Law is not unlike archery. You can hit the bullseye, the third ring, or miss the target altogether. In my recent post on the Morrisville cell tower case (American Tower v. Town of Morrisville) I thought I had hit the bullseye.
Subsequently, comments from and discussion with members of the land use bar suggest that my arrow hit close to center but not as close as I had thought. Allow me to revise my comments.
The American Tower case offered excellent commentary on an applicant’s duty to make a prima facie case on each standard where the applicant has the burden of proof. Once an applicant has made a prima facie case on a standard, the burden then shifts to opponents to demonstrate through competent, material and substantial evidence how the applicant has failed to meet the standard. The Court of Appeals upheld the town council’s finding that American Tower failed to make a prima facie case that the tower would not substantially injure the value of adjoining properties.
The court relied on a 12 year-old case (SBA v. Asheville) to support the council’s position. I demurred, arguing 1) that G.S. 160A-393(k) is a statutory override of SBA because itproclaims that opinions of lay witnesses are not competent evidence on how a particular use of land affects the value of adjoining properties, and 2) evidence from an appraiser with MAI credentials should, as a matter of law, constitute a prima facie case.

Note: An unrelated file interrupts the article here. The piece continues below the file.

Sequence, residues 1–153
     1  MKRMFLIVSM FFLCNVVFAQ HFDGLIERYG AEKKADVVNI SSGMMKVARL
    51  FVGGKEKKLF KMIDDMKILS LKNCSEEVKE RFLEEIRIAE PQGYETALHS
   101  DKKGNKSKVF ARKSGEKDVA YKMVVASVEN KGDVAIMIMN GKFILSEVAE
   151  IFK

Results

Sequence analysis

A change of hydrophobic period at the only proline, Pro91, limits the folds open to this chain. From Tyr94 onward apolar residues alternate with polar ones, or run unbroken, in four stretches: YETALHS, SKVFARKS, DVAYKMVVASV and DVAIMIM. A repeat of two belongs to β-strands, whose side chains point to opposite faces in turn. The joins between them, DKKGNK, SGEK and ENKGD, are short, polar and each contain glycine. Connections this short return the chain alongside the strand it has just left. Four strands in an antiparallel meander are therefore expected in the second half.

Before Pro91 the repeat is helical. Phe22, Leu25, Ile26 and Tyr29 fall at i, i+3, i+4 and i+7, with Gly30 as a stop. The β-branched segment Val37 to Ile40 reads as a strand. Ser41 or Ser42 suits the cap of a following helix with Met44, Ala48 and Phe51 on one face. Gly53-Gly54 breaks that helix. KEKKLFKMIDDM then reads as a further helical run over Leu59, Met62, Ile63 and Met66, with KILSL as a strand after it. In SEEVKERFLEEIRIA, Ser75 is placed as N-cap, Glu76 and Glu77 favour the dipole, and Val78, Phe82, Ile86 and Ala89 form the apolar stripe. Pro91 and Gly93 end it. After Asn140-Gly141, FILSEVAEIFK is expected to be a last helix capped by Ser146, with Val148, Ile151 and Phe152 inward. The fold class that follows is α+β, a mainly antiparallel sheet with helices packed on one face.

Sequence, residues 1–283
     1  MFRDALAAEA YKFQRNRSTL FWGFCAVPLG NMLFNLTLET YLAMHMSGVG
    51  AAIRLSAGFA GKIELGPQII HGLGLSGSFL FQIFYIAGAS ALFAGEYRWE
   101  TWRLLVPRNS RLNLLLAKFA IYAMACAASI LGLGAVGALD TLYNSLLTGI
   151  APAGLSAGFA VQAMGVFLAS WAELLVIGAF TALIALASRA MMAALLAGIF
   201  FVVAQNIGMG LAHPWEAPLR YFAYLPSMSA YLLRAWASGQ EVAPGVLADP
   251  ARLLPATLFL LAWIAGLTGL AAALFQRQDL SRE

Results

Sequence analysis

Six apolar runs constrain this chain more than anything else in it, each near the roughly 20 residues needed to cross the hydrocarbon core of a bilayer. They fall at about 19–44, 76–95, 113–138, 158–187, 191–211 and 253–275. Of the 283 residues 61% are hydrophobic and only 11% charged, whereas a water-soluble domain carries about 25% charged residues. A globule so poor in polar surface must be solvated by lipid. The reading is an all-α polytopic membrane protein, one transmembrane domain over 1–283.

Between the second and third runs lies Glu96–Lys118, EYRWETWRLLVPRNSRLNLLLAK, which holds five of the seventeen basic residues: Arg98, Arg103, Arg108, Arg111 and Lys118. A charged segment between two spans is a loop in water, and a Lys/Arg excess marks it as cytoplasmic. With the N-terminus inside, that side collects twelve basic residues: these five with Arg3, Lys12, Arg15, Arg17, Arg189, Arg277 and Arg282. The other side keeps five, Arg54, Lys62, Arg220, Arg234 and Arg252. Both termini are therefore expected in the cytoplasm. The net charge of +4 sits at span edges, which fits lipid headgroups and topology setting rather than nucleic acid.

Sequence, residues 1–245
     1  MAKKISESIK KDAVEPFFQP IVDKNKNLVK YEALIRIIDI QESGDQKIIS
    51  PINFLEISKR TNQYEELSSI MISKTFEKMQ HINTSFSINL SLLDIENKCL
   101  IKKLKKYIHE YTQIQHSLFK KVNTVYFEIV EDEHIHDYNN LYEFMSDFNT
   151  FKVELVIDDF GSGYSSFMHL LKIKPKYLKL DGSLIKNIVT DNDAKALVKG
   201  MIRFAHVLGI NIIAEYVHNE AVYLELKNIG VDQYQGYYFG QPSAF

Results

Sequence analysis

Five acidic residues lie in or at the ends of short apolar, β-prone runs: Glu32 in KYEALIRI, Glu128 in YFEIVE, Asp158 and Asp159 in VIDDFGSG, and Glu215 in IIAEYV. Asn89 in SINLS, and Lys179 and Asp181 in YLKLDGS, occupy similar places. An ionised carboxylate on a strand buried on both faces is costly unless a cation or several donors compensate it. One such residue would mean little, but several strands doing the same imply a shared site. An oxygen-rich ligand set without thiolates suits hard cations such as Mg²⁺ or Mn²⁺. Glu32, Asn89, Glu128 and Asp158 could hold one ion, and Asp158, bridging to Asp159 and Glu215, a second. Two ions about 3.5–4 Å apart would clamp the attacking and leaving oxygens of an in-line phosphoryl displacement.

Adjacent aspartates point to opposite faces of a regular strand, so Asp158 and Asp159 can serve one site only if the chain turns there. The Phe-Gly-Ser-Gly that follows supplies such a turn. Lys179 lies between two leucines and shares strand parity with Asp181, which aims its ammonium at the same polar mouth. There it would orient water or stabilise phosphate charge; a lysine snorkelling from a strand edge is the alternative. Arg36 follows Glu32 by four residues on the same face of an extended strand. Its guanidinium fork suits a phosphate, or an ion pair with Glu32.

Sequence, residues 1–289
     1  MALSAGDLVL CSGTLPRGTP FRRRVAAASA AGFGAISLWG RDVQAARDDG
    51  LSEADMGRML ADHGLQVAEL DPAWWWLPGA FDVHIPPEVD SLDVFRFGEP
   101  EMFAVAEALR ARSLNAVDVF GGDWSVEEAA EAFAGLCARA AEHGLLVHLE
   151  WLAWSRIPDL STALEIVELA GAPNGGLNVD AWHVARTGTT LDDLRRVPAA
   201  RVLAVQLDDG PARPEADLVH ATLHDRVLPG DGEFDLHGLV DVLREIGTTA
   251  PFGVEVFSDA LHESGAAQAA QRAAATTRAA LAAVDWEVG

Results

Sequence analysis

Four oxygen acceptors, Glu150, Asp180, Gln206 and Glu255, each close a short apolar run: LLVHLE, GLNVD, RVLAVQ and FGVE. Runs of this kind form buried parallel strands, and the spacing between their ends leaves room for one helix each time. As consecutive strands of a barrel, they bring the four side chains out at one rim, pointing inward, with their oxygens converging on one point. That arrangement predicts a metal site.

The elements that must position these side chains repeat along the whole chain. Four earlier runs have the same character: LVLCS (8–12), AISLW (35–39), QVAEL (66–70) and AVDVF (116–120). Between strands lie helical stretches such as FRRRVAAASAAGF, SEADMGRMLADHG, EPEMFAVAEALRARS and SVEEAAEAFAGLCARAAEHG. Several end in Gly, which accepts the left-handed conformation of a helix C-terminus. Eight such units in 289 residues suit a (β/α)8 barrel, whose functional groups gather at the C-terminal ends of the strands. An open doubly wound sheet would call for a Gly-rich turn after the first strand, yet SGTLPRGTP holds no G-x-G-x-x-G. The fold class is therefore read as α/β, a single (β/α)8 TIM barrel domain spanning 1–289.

Comments on the post from other attorneys have been varied, but none as spirited as my law firm colleague, Dave Neill, who argues that the Board always retains power to decide whether an expert’s evidence is competent, material or substantial. For example, in this case, the appraiser could have studied stealth towers imperceptible to passersby rather than 200 foot monopoles or lattice towers seen from two neighborhoods away. In such cases the board could have found that his study did not meet basic materiality (relevancy) standards. And there are other examples, but you get the drift.
I agree with Dave. An appraiser’s study should not be considered the establishment of a prima facie case as a matter of law.
However, as Dave and I agree, a board must be able to identify and articulate with a degree of specificity why such expert’s report is not competent, material or substantial. If it cannot, then its decision can be challenged as arbitrary and capricious.
In the present case, I still arrive at the same conclusion as to this appraisal. An appraiser with MAI credentials is analogous to a chemistry professor with a PhD or a board-certified physician giving his or her opinion on a matter within their field of expertise.
In SBA, the appraiser studied subdivisions across town, but the city council concluded – based upon what, we don’t know – that a study of a tower closer to the subject property might have produced a different result. The case provides no reasons cited by the council for concluding that sales of homes adjacent to cell towers are different in one part of town than another.
The American Tower appraiser studied sales in subdivisions surrounding two other towers within the same county and concluded that the tower had no appreciable impact on values. An appraiser need not look separately at issues such as curb appeal or whether the tower was there first because home buyers themselves are presumed to consider such factors. If they did consider such factors, and the factors weighed negatively, comparable sales would reflect those facts.